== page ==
Thursday, January 31, 2019

Moth Sighting

Photo Credit: Jeff Hooks from North American Butterflies & Moths Website

This moth was spotted in Sterling, Colorado.  The forewing has a pointed tip.  The moth itself is very large, up to 6 inches.  You see pinkish white bands on the forewing and hindwing.  That appears only in females as shown in this picture. 

This is the largest noctuid (nocturnal) moth found in the United States.  It feeds on the leaves of woody legumes at night and hides behind the bark in the day.

Moths do most of the pollinating over butterflies.  Most butterflies feed on nectar, some on sap as in the previous post.

Butterflies

Photo Credit: Carol Dolan 

This butterfly is called a Question Mark.  If you look on the underside, the view facing you in the picture there is a silver marking.  It resembles a question mark.  A silver comma with a dot makes the question mark. 

It is found in open wooded areas and wood edges.  It feeds on sap of elm, hackberry, hops and nettles. It also feeds on carion, dung and fruit. 

This butterfly was spotted in Sterling, Colorado during the summer of 2018.  It is a medium sized butterfly with angled wings.  The forewing has a strongly hooked shape at the tip. 

Winter Watering on Warm Days

Photo Credit: Linda Langelo, Thompson Park, Julesburg, CO


On warmer winter days when there has been no snow cover during the month, it is time to give your trees and shrubs some supplemental water.    On days with temperatures that are in the mid 40's to low 60's, water in the early afternoon.  A little bit of water in the winter goes a long way to keeping the trees and shrubs healthy and out of stress.

Here is a link to a CSU Fact Sheet on Winter Watering:  https://extension.colostate.edu/docs/pubs/garden/07211.pdf

Watering during the winter when there is no snow cover from month-to-month helps to prevent root damage.  It also helps in areas of your landscape for plants in a south or west exposure.  The soil drys out faster.  Those areas are warmer.  Windy locations in your landscape rob the soil of water.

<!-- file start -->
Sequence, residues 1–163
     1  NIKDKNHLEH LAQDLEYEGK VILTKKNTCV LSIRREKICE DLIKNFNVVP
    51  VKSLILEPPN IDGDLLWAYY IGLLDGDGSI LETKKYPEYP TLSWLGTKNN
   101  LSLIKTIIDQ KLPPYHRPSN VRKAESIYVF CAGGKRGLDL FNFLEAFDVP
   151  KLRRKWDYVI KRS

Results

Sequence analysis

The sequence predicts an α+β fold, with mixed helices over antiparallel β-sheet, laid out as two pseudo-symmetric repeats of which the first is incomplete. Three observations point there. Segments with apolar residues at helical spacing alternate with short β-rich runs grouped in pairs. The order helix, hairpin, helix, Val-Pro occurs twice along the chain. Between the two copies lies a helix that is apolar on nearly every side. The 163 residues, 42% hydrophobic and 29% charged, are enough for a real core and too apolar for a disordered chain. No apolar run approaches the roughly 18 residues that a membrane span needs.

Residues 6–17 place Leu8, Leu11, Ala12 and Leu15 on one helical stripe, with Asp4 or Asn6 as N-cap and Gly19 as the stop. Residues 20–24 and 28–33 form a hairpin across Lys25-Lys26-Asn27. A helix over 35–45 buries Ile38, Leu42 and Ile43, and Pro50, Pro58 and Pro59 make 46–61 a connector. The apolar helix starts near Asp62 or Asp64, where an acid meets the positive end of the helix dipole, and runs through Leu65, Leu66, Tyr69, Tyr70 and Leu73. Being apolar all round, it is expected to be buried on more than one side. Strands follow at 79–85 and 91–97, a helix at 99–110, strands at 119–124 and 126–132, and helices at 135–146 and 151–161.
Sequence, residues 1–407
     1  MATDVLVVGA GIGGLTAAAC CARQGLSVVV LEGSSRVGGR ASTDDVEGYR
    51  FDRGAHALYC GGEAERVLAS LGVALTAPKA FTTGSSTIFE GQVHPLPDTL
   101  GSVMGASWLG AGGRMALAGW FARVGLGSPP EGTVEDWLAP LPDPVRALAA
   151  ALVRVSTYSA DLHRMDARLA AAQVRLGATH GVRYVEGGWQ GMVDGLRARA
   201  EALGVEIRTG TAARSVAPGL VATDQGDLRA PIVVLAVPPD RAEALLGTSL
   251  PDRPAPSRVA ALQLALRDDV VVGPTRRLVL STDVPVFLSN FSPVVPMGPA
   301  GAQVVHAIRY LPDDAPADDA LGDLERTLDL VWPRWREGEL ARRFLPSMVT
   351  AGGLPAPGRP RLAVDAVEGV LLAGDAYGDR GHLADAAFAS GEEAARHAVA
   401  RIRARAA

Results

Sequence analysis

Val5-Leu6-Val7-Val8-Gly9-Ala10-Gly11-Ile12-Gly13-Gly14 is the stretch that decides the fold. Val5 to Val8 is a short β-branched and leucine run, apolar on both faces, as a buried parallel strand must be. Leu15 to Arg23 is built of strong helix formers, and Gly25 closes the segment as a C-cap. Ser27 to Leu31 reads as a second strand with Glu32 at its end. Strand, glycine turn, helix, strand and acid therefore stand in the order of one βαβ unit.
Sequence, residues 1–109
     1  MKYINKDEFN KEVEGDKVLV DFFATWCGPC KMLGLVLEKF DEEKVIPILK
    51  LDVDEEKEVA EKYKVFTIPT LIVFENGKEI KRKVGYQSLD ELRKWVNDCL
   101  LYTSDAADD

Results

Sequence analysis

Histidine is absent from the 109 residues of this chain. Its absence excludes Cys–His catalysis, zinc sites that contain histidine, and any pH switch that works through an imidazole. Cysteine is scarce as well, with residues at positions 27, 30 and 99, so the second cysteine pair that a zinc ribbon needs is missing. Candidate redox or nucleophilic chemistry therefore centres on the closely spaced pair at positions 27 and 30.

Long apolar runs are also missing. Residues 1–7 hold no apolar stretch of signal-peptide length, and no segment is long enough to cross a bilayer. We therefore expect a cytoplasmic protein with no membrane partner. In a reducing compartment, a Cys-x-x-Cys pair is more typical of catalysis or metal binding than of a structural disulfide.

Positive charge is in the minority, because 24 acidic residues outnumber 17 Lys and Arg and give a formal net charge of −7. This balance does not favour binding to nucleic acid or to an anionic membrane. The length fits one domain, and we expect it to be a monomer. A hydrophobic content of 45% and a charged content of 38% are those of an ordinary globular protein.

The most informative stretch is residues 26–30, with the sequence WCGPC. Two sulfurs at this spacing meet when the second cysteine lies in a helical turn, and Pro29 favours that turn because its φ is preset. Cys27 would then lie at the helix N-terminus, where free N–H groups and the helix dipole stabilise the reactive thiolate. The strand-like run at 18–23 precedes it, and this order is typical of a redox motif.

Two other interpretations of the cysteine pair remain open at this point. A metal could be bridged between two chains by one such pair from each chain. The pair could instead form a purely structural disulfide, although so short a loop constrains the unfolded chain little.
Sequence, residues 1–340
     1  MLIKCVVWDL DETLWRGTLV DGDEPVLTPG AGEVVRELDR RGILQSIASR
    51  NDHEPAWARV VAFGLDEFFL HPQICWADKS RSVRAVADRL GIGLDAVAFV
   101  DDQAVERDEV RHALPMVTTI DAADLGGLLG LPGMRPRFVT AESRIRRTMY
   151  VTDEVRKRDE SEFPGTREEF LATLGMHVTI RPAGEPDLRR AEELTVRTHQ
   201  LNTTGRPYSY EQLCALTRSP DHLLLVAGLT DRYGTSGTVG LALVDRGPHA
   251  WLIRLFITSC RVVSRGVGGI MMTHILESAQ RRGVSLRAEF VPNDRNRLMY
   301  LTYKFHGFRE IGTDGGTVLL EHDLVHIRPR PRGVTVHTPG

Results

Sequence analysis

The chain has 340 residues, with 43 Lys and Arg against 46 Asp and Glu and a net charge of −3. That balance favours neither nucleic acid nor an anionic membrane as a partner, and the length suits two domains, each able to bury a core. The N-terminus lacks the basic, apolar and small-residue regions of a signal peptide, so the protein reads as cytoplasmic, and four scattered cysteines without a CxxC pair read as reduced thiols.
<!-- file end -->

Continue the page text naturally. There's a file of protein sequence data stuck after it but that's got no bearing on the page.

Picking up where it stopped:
Any newly planted landscape plants that are not establishment need supplemental water.  With newly planted shrubs it is recommended to add 5 gallons twice a month to the root system when there is no snow cover. 

Monday, December 10, 2018

What to do with a flower pot in winter?












Photo Credit: Linda Langelo


Decorate your pot for the holidays.  Be creative, be funny or whimsical or just festive.  The Town of Julesburg, decorates their pots every season.  It makes it fun.  It demonstrates a comradery among the town businesses. 

It is very clever to think of making a tree out of books or to think that Santa needs help getting out of the chimney.  Each year now, the Julesburg Garden Club has asked the businesses to participate.  For the third year in a row, they have increased their participation and even gotten increasingly competitive.  I can't wait to see what they come up with for next year.

Thursday, October 25, 2018

Ornamental Grass Little Bluestem

Little Bluestem Photo Credit: Linda Langelo





Ornamental grasses like Little Bluestem, Schizachyrium scoparium 'Blaze' can give your landscape a color change in the fall.  Blaze turns russet-red in the fall.  This will last all winter long. 

Schizachyrum scoparium is a warm season grass.  It is also a bunch grass.  The best time to divide this grass is when it is not flowering.   So early spring to mid-summer.  You want to divide them before they start dying out in the center.  So every 3 to 5 years you can divide an ornamental grass.  Some grow faster than others.  Some are harder to divide than others such as pampas grass.  Sometimes the grass will seed and you can encourage the seed to grow and remove the original plant.